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What You'll Learn In Today's Episode
  • What really goes into having a great process
  • Why processes need to be built with the team in mind, not the advisor
  • Best practices for evaluating whether it's time to improve your processes

Summary:

In this week’s episode Steven is joined by Louis Retief, Co- founder and CEO of Hubly, a software platform dedicated to helping Advisors have incredible systems. Louis has been around financial planning most of his life and for years now has been passionate about helping Advisors have better processes in their practices. Their discussion goes far beyond how great processes can improve tax planning outcomes (don’t worry, that is covered too!). Selfishly for Steven, all of the efficiencies and quality improvements created in an Advisor’s practice frees up time and resources to dedicate to tax planning so the conversion is a huge win all the way around.

Ideas Worth Sharing:

As a financial advisor, you are also a business owner and operator and you need to put as much attention into building your business as you are putting into helping people manage their financial lives. - Louis Retief Click To Tweet Probably the single most efficient office I've ever been in and seen- have their own custom built workflow automations that they built out through the CRM they use - Steven Jarvis Click To Tweet You need to look at your customer journey and you need to look at it from the perspective of your customer, not from your perspective. - Louis Retief Click To Tweet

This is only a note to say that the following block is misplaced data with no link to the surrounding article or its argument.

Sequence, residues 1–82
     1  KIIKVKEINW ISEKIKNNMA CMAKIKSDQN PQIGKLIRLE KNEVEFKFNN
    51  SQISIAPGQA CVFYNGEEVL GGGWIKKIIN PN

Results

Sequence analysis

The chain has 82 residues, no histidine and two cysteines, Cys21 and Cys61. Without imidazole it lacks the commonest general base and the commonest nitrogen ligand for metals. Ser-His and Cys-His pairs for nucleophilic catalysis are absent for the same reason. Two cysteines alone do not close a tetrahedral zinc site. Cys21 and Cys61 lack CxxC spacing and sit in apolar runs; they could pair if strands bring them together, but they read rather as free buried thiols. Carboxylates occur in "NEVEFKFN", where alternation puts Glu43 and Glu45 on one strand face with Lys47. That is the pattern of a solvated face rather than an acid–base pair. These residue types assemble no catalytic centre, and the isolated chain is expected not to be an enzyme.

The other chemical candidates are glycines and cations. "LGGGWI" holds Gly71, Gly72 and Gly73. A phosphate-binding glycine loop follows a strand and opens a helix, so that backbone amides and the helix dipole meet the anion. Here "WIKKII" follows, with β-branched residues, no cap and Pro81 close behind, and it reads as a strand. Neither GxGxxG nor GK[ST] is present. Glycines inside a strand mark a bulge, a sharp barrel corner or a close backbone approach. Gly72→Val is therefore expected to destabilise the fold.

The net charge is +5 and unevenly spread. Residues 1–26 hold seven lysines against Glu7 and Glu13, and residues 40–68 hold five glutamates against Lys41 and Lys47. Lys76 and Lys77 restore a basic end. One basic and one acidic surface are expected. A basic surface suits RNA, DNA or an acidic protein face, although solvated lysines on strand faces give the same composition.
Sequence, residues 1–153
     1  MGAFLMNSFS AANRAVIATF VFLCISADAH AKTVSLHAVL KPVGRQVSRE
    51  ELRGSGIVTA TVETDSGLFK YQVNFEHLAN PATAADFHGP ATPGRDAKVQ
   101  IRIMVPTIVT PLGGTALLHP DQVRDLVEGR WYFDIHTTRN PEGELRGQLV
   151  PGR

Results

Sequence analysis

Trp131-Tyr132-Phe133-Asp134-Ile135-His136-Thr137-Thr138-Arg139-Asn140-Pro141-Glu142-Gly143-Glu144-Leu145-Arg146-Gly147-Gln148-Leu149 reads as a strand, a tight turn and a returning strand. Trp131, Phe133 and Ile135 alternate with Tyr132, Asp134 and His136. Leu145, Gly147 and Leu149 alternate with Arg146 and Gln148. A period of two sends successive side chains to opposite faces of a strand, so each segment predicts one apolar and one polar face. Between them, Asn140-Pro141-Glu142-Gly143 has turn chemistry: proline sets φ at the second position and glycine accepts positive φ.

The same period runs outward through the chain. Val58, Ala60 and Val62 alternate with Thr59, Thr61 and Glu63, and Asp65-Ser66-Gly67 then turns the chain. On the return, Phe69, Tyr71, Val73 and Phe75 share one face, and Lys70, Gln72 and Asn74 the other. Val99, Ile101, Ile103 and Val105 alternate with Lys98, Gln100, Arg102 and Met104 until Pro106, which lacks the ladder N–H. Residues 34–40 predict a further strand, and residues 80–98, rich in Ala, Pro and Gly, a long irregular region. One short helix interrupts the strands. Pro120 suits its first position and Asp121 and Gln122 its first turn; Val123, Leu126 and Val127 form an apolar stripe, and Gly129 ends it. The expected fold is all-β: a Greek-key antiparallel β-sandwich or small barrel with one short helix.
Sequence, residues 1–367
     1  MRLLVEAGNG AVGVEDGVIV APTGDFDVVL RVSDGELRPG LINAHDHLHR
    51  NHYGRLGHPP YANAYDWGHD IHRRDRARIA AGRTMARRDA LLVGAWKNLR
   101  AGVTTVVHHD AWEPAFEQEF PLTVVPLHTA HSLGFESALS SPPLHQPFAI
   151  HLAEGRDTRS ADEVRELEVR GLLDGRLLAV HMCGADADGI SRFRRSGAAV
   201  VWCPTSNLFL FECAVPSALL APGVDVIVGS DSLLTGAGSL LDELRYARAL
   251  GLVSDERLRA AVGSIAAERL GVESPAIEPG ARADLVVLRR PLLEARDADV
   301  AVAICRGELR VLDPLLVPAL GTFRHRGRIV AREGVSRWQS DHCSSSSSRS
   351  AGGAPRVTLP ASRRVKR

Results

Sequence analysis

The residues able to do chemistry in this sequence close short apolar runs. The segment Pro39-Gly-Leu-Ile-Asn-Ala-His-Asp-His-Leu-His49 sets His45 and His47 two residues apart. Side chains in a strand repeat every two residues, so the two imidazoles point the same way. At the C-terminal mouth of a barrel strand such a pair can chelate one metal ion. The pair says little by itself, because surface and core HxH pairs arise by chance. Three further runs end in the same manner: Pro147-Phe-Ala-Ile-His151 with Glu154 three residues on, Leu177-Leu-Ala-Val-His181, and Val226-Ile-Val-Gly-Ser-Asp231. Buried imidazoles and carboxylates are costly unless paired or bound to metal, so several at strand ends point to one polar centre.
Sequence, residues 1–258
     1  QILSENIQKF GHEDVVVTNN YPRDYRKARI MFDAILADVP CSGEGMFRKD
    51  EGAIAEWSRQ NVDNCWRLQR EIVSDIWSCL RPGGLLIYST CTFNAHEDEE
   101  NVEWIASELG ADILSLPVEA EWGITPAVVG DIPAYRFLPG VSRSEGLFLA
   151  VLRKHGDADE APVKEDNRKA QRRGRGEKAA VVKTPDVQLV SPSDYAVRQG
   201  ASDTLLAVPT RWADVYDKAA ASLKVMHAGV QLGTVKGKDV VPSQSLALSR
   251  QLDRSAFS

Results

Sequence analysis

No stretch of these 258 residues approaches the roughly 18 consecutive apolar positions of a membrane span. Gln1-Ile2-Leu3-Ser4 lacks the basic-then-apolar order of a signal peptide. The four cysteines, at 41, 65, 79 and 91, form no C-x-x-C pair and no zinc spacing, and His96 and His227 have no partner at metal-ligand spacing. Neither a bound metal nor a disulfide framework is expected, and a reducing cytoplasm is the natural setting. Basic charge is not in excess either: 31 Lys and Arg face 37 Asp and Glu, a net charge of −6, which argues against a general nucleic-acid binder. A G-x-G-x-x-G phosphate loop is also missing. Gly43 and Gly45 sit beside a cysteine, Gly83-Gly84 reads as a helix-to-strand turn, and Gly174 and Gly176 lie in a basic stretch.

About Retirement Tax Services:

Steven and his guests share more tax-planning insights in today’s Retirement Tax Services Podcast. Feedback, unusual tax-planning stories, and suggestions for future guests can be sent to advisors@rts.tax.

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Thank you for listening.

Read The Transcript Below:

Steven (00:49):

Hello everyone, and welcome to the next episode of the Retirement Tax Services Podcast, Financial Professionals Edition. I’m your host, Steven Jarvis, CPA, and I’m really excited for my conversation today because we’re going to leave the technical tax behind and talk about how advisors can get more done in their practice, which will either create time to do tax planning or help their tax planning be better. So joining me on the podcast today is the CEO of Hubly, Louis Retief. Louis, I’m really excited to have you here. Welcome to the show.

Louis (01:19):

Hi, Steven, a pleasure to be here. Thanks for having me and excited to chat to you and your audience today.

Steven (01:25):